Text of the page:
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Arizona State University

Arizona State University Author Phd Deluse
ISBN-10 9780738595450
Release 2012-08-13
Pages 128
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Arizona State University was founded in 1885--27 years before statehood--as the Arizona Territorial Normal School. A modest school building was erected on donated pastureland outside Phoenix and was initially dedicated to training public school teachers. The school rapidly evolved through multiple name changes and grew to four campuses and from 33 to over 70,000 students. Currently, ASU is the largest public educational institution in the United States and is also an internationally recognized research university, offering hundreds of areas of study. This book offers a photographic narrative of the institution's dynamic transformation with glimpses of the committed faculty, staff, students, alumni, and citizens who helped make Arizona State University what it is today.

Designing the New American University

Designing the New American University Author Michael M. Crow
ISBN-10 9781421417240
Release 2015-03-08
Pages 360
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America’s research universities consistently dominate global rankings but may be entrenched in a model that no longer accomplishes their purposes. With their multiple roles of discovery, teaching, and public service, these institutions represent the gold standard in American higher education, but their evolution since the nineteenth century has been only incremental. The need for a new and complementary model that offers accessibility to an academic platform underpinned by knowledge production is critical to our well-being and economic competitiveness. Michael Crow, president of Arizona State University and an outspoken advocate for reinventing the public research university, conceived the New American University model when he moved from Columbia University to Arizona State in 2002. Following a comprehensive reconceptualization spanning more than a decade, ASU has emerged as an international academic and research powerhouse that serves as the foundational prototype for the new model. Crow has led the transformation of ASU into an egalitarian institution committed to academic excellence, inclusiveness to a broad demographic, and maximum societal impact. In Designing the New American University, Crow and coauthor William B. Dabars—a historian whose research focus is the American research university—examine the emergence of this set of institutions and the imperative for the new model, the tenets of which may be adapted by colleges and universities, both public and private. Through institutional innovation, say Crow and Dabars, universities are apt to realize unique and differentiated identities, which maximize their potential to generate the ideas, products, and processes that impact quality of life, standard of living, and national economic competitiveness. Designing the New American University will ignite a national discussion about the future evolution of the American research university. -- Bill Clinton, Former President of the United States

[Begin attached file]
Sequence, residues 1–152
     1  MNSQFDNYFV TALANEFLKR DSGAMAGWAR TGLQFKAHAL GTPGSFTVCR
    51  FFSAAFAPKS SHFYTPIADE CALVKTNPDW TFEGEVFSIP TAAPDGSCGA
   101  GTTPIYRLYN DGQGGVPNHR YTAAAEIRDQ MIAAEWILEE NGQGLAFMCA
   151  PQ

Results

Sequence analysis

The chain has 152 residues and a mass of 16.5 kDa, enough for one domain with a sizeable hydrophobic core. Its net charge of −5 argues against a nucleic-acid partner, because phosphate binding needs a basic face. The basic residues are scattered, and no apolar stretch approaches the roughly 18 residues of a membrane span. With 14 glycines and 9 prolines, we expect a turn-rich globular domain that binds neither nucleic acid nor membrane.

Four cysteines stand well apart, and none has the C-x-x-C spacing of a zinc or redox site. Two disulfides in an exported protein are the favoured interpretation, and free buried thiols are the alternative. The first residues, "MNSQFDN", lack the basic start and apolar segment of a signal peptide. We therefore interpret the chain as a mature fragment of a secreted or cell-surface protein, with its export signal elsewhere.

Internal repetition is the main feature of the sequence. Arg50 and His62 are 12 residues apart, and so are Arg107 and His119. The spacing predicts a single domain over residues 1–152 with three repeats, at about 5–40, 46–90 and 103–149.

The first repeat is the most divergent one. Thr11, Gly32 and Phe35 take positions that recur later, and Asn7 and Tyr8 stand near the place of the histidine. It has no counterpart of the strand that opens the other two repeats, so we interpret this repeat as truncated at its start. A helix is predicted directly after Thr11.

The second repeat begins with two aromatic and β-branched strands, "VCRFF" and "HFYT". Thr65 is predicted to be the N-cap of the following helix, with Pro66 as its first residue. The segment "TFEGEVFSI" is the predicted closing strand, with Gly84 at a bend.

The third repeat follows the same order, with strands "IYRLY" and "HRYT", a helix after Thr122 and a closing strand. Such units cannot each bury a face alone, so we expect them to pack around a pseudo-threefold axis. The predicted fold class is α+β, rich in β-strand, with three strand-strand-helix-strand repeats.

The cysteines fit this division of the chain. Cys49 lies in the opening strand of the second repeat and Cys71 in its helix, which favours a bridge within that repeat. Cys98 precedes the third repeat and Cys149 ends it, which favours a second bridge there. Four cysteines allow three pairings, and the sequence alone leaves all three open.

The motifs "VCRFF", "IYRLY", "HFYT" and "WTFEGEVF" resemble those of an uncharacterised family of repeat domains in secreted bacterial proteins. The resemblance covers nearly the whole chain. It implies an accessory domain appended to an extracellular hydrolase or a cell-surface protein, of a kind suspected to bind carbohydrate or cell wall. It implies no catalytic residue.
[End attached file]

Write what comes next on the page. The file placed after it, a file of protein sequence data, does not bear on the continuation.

Porous Borders

Porous Borders Author Julian Lim
ISBN-10 1469635496
Release 2017
Pages 302
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With the railroad's arrival in the late nineteenth century, immigrants of all colors rushed to the U.S.-Mexico borderlands, transforming the region into a booming international hub of economic and human activity. Following the stream of Mexican, Chinese, and African American migration, Julian Lim presents a fresh study of the multiracial intersections of the borderlands, where diverse peoples crossed multiple boundaries in search of new economic opportunities and social relations. However, as these migrants came together in ways that blurred and confounded elite expectations of racial order, both the United States and Mexico resorted to increasingly exclusionary immigration policies in order to make the multiracial populations of the borderlands less visible within the body politic, and to remove them from the boundaries of national identity altogether. Using a variety of English- and Spanish-language primary sources from both sides of the border, Lim reveals how a borderlands region that has traditionally been defined by Mexican-Anglo relations was in fact shaped by a diverse population that came together dynamically through work and play, in the streets and in homes, through war and marriage, and in the very act of crossing the border.